International medical travel occurs when patients cross national borders to purchase medical goods and services. On occasion, physicians in home countries will be the last point of domestic contact for patients seeking healthcare information before they travel abroad for care. When this is the case, physicians have a unique opportunity to inform patients about their options and help guide them towards ethical practices. This opportunity brings to the fore an important question: What role should physicians in more-developed home countries play in promoting or constraining international medical travel towards less-developed destination countries? In our view, critical attention to the decision spaces of patients—defined by the personal circumstances, socio-cultural cues, and legal constraints that inform decision-making—is a useful starting point for evaluating the proper response of physicians to various forms of international medical travel.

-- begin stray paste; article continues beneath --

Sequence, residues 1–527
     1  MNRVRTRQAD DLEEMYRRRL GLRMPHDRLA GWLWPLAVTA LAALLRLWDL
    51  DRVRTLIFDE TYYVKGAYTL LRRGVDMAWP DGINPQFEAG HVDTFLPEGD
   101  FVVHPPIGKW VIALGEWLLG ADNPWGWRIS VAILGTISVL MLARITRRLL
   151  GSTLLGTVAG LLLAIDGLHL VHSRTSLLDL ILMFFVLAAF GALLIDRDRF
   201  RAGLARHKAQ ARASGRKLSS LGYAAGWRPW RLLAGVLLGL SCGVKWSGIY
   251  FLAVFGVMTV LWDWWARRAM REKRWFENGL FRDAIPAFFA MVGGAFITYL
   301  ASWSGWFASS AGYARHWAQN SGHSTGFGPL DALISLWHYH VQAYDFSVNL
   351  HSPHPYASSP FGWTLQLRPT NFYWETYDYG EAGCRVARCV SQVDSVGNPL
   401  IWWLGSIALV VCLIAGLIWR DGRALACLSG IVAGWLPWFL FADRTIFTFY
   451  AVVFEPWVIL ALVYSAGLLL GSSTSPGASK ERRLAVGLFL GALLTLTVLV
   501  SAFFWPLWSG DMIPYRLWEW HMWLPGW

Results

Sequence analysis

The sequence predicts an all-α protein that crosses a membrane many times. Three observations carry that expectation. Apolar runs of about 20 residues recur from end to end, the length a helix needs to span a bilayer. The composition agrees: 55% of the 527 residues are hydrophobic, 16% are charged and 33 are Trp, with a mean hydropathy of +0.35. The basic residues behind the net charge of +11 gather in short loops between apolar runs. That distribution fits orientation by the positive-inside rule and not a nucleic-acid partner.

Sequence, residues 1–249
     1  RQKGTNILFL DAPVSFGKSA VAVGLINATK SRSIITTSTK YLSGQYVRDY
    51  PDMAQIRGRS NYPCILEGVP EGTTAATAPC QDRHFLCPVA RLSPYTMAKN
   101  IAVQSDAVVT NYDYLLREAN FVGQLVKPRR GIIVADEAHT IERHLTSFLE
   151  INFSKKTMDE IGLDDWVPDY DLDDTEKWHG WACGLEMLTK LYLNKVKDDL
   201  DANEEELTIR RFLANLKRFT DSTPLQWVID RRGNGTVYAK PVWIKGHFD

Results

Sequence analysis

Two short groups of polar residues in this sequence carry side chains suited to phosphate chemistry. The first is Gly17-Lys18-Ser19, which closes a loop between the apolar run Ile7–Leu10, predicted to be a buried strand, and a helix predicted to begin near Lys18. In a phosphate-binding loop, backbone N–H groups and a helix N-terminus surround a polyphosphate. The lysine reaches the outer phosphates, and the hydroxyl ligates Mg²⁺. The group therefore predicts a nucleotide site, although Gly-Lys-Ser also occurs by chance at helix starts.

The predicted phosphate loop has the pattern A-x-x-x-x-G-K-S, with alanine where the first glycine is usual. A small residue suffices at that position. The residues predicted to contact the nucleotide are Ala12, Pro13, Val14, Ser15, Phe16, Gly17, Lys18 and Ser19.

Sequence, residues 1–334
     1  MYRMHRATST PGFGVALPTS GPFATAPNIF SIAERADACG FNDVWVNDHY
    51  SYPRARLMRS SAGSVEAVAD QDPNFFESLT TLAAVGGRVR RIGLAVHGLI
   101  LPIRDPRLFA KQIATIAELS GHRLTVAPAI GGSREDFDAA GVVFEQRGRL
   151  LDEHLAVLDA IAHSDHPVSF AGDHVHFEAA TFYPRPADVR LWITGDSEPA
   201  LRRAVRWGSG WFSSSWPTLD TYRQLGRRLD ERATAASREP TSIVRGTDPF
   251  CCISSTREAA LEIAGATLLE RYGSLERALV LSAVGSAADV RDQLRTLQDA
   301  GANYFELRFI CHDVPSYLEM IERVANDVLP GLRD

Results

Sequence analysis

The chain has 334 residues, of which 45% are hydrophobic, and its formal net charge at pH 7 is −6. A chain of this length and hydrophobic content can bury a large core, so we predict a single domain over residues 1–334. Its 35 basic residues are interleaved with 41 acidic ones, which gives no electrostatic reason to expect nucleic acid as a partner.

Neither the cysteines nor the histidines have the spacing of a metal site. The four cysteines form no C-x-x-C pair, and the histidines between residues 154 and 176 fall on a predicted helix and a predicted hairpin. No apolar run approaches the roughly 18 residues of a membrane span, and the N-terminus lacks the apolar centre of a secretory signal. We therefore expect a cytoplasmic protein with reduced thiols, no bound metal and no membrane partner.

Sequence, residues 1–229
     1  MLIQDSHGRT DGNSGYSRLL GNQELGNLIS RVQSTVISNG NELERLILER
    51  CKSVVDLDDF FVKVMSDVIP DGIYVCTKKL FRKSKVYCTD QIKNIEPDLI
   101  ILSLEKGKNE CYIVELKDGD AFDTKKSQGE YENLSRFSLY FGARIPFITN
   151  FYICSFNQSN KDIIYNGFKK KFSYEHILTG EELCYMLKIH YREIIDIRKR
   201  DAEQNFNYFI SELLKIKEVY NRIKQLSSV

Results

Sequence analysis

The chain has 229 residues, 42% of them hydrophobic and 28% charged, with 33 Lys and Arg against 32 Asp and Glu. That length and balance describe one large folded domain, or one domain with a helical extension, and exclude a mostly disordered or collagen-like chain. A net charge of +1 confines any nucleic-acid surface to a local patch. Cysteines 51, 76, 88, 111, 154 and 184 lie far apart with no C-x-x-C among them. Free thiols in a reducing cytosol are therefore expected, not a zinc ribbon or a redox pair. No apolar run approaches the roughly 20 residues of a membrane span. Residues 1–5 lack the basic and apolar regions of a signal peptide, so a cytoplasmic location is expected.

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GC and FB were equal contributors.
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